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I'm a little confused about this. Say there's a ticker I'm interested in called A ("Company Holding AG") @ \$1.2. I search for A and "Company Holding AG" on my broker and find ticker B also called "Company Holding AG". It's currently at \$1, not \$1.2.

Now I find ticker A.C and D which are both ("Company Holding AG") on two different exchanges, which have both A.C and D listed, at different prices than that of B that my broker has. Prices between all of these are different, even taking into account any currency conversions that are involved.

I take the ISIN from ticker B on my broker and put it through OpenFIGI, which returns me a list containing A, B, A.C, D, E all called "Company Holding AG", all with the same share class.

What happens if I buy B? Am I buying "Company Holding AG" (A, A.C, D, E) which happens to be called B on my broker or am I buying something completely different than what I originally wanted to buy, A? If D goes up, do A, B, A.C, E also all go up since they're all "Company Holding AG"? Does them having the same ISIN and same share class mean they're all the same security just traded under different names or are these 5 all totally different securities?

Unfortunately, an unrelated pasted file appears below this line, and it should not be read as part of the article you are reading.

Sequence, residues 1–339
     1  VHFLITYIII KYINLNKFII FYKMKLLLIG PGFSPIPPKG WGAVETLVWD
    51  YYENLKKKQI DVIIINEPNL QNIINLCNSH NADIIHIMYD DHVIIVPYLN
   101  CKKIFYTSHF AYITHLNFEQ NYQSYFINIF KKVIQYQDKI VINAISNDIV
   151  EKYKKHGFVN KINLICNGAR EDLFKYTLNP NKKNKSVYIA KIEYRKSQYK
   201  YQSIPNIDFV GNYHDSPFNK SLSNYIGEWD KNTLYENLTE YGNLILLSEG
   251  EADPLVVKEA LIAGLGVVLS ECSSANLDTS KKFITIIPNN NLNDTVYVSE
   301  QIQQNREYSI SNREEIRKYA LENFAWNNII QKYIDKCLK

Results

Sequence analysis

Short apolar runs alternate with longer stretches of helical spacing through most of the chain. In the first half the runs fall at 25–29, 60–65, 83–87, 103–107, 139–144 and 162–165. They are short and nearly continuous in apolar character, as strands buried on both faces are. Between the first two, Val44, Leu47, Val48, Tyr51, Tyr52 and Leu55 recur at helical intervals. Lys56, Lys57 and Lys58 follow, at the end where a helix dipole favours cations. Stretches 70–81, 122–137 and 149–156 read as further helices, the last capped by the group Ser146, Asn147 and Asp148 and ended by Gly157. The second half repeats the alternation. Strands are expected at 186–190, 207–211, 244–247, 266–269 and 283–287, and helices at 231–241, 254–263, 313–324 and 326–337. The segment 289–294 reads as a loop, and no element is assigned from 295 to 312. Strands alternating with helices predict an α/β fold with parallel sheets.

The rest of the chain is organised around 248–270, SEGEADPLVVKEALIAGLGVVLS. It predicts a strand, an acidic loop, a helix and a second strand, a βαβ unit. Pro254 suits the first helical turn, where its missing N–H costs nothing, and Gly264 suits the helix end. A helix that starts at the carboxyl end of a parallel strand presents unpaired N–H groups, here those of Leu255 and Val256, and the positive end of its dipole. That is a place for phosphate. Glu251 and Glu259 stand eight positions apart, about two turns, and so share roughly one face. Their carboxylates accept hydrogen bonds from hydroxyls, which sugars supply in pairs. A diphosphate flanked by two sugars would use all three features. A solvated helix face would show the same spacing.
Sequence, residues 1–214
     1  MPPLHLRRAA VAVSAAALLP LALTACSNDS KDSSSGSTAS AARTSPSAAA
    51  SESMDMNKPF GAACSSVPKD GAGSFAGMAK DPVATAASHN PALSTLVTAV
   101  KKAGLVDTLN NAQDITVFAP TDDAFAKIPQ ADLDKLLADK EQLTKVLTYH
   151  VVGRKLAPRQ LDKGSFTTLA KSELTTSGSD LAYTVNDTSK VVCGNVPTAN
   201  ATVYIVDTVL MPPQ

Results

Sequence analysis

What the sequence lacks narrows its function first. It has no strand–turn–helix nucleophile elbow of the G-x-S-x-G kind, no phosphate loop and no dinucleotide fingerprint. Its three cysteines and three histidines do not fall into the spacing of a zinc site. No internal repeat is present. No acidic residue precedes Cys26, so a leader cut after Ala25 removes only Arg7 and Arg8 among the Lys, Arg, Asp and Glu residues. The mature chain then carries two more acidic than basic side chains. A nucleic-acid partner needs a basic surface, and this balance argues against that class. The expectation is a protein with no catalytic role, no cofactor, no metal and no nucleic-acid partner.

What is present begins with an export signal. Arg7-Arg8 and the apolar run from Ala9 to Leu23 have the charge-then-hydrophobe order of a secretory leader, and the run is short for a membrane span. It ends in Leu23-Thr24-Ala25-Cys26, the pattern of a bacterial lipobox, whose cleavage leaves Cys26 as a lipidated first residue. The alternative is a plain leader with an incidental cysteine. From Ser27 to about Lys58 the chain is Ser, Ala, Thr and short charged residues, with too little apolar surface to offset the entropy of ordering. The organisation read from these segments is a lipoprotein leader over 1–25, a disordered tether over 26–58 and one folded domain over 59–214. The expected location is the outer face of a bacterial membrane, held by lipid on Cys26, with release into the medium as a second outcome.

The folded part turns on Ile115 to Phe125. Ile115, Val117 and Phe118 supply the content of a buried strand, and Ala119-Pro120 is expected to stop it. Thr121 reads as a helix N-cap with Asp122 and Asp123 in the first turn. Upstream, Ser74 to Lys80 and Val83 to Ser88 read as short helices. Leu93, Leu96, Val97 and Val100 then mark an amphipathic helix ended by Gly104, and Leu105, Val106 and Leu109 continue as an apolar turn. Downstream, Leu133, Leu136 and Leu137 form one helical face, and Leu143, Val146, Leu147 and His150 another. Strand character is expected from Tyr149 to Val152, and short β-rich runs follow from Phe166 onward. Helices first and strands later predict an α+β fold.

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  • $\begingroup$ Can you check the share class? $\endgroup$ – simsalabim Apr 6 at 11:29
  • $\begingroup$ Look for examples of Royal Dutch Shell A and B. $\endgroup$ – simsalabim Apr 6 at 11:30
  • $\begingroup$ @wecandothis the share class for all are the same $\endgroup$ – arcticlea Apr 6 at 11:59
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    $\begingroup$ Can you please give a specific example? Usually, an ISIN identifies a specific instrument, e.g. ordinary shares or preferred shares for a company. For example, in Germany, BMW.DE and BMW3.DE are ordinary and preferred equity of Bayerische Motorenwerke Aktiengesellschaft. $\endgroup$ – Kermittfrog Apr 6 at 22:03

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